Skip to content

Review: “Duke” Assembles the Pieces of a Broken Life

Tommy Morrison looked like a star, left hooked like a star, and crashed like a shooting star leaving behind a trail of wishes unfulfilled.

Working with much of the same flair he brings as an essayist and columnist, author Carlos Acevedo delivers an exhaustively researched look at the life and career of a memorable piece of one of the most memorable of heavyweight eras in, “The Duke: The Life and Lies of Tommy Morrison.” Released in April of this year, it’s not a flattering portrait but it reads as a fair one, describing a fighter who lacked discipline and later rationality outside the ring all while landing enough big left hands in the ring to keep fans interested in what came next .

With Morrison, his unpredictability in the ring was part of the fun and Acevedo recounts his rises and falls with detail and a degree of cynicism. Acevedo assembles the pieces of what could really be described as the Morrison project. Bill Cayton, who helped guide the rise of Mike Tyson, promoter Tony Holden, and trainer John Brown loom large in the narrative in their attempts to guide a fighter struggling with a turbulent family background, a carnivorous appetite for the night life, and issues with alcohol and performance enhancing drugs among other obstacles to success.

Acevedo places Morrison in the context of boxing’s history of white hope fighters and the additional mythology lent to Morrison by way of a fictionalized relation to John Wayne and his co-starring role in Rocky V. In describing how all of this worked as blessing and curse , Acevedo notes:

Although Morrison received more coverage and bigger paychecks because of his color, he also started at a disadvantage. Boxing is a subculture that specializes in deception, but it also masters paradox. The same qualities that promised Morrison stardom also hindered his development of him… a rural afterthought such as (Morrison’s hometown) Jay, Oklahoma, lacked the infrastructure necessary for a restless teen to excel at boxing.

It says a lot about the natural talent Morrison had that he could move from Toughman contests as little more than a child battling grown men to catching eyes at the 1988 Olympic Trials. It was easy to see in real time, and in retrospect, why people saw dollar signs in Morrison. Despite a disastrous loss to Ray Mercer in 1991, Morrison’s gutsy efforts against Carl Williams and Joe Hipp also revealed ring characters that could keep hopes alive.

“The Duke” doesn’t confuse Morrison’s moments of in-ring character with character outside the ring. The book acts as a strong compliment to the ESPN 30-for-30 documentary “Tommy”, filling in gaps a documentary can’t cover and rendering a harsh judgment on the central figure in the tale. It’s hard to read this work and come away with any positive impression of Morrison as outside the ring issues multiply with allegations of domestic abuse and bigamy. Both works imply Morrison may have had HIV for years, and known it, before it was finally discovered. Acevedo’s work, which covers in great detail Morrison’s sexual escapades, paints a picture of potentially lethal denial and narcissism.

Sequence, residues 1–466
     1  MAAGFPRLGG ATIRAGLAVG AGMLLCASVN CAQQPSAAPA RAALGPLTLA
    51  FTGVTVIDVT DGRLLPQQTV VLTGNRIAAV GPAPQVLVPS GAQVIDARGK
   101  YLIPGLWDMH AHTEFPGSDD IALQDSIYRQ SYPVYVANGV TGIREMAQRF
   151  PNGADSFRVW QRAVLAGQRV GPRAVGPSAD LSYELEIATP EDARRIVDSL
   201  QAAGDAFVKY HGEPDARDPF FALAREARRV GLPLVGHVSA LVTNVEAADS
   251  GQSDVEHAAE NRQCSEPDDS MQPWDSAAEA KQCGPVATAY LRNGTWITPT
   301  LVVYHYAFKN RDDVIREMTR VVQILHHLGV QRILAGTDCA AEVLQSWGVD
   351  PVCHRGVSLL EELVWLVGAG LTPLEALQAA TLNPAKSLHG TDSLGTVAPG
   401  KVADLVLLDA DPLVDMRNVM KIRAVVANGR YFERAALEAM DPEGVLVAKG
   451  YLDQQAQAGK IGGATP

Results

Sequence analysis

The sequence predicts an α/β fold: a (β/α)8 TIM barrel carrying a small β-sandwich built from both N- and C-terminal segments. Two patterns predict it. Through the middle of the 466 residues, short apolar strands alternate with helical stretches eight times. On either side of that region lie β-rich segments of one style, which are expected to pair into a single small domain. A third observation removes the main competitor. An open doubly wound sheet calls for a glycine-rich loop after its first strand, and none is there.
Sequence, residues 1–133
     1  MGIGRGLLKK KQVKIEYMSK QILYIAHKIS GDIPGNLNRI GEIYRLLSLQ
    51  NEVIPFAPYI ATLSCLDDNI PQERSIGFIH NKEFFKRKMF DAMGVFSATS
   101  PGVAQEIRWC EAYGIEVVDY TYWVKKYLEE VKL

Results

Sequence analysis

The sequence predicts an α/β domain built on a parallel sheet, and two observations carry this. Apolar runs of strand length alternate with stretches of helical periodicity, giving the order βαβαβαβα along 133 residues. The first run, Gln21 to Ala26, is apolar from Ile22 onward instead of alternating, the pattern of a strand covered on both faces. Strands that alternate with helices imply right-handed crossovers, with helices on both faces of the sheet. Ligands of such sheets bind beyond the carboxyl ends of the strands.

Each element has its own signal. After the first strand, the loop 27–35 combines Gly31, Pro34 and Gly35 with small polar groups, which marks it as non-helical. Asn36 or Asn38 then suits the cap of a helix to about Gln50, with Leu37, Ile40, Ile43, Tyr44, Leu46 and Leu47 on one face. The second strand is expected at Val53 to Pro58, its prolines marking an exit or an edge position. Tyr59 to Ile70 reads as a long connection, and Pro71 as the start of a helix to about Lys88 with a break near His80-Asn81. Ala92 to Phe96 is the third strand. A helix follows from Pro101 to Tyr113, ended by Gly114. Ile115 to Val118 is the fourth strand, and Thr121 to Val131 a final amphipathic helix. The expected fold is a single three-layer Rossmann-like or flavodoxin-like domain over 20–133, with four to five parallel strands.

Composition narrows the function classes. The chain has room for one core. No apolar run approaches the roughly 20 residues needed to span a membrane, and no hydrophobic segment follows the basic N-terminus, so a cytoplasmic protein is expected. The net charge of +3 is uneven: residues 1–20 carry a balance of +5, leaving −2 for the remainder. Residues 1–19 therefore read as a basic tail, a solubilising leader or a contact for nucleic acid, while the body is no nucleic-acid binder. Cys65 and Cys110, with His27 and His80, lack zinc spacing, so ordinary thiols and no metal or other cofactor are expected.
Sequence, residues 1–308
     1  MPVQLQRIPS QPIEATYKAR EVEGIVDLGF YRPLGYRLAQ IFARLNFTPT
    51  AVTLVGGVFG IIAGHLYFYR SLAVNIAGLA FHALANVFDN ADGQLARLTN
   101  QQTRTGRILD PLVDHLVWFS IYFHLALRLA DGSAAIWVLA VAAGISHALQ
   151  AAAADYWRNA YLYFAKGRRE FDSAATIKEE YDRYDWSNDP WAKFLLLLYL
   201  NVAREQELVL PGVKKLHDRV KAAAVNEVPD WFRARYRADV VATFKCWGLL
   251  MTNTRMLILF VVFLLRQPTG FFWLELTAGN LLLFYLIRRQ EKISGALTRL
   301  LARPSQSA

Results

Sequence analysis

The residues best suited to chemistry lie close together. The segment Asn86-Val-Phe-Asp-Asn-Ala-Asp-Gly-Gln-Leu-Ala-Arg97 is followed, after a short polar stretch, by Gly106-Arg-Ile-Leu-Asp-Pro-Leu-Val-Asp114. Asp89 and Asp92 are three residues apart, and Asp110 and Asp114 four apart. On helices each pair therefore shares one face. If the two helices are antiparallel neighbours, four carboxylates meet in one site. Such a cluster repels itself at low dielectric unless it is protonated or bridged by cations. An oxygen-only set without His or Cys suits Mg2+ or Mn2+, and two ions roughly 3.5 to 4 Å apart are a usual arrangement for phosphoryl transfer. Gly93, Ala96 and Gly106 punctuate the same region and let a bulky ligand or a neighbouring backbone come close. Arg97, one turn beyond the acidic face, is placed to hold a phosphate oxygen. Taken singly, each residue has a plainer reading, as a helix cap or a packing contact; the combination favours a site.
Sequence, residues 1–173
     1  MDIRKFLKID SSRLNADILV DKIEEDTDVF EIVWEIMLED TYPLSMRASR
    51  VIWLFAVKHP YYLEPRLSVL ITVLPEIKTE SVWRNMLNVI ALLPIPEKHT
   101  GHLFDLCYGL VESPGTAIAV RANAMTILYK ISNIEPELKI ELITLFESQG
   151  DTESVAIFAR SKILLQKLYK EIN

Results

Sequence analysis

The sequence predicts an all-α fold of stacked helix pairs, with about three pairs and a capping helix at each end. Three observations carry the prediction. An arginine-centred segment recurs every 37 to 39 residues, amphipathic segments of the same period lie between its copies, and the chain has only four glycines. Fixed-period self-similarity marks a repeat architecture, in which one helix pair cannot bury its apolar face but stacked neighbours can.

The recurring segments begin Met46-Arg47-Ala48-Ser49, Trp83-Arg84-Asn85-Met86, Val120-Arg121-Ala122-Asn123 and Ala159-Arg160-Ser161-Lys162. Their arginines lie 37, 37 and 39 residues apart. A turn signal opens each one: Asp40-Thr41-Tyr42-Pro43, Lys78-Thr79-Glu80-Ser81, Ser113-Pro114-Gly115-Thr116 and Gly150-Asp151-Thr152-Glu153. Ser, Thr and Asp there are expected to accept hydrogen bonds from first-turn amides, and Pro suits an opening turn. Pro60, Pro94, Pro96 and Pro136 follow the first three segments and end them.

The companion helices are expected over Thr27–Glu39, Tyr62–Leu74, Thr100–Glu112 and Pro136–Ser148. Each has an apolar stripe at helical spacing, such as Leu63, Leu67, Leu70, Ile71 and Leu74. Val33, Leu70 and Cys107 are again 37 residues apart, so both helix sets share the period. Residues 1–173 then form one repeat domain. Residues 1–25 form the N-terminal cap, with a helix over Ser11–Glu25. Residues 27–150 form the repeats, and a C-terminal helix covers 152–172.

The author expands to explore the decision-making of Morrison in general in all areas of his life. Morrison’s choice to face Michael Bentt, coming off a career best win over George Foreman and with a career-high payday against Lennox Lewis on the line, a payday he never got back after that first round upset stunner, makes as little sense on the page as does his later paranoid rantings about how he wasn’t really HIV positive despite court-recorded evidence he was taking HIV medication. Morrison eventually still made seven-figures with Lewis, but it was far less than it could have been.

Acevedo also demythologizes the era Morrison fought in. While the 90s is remembered as one of the golden eras at heavyweight, that is a reflection of the sum of its parts. There were peaks and valleys along the way and Acevedo recounts them, including the disarray of the title situation in the mid-90s and the lackluster second title reign of George Foreman.

There are passages of the book that can feel repetitive as pieces of the story transition between periods in Morrison’s life. That could be a reflection of what he reads often like a series of repetitive cycles in Morrison’s life. It’s the story of a fighter who found ways to fall just short in self destructive patterns until he was gone at just 44.

For Hamilcar, it’s another imminently readable look at a fighter whose talent couldn’t exceed his flaws along with biographies of notorious could-have-beens like Ike Ibeabuchi and Edwin Valero. For the 90s heavyweight era, it’s additional depth to the story of an era headed by Tyson, Holyfield, Lewis, and Foreman. Their co-stars are part of what made their stars shine so bright.

Morrison was a critical co-star and marries perfectly to Acevedo’s penchant for telling the stories of the sort of boxer’s whose flaws keep them interesting long after the final bell.

Readers who wish to add this fascinating dive into one of the key players of the 90s heavyweight era can purchase “The Duke” at Amazon or at www.hamilcarpubs.com.

Cliff Rold is the Managing Editor of BoxingScene, a founding member of the Transnational Boxing Rankings Board, a member of the International Boxing Research Organization, and a member of the Boxing Writers Association of America. He can be reached at roldboxing@hotmail.com

.

Tags:

Leave a Reply

Your email address will not be published.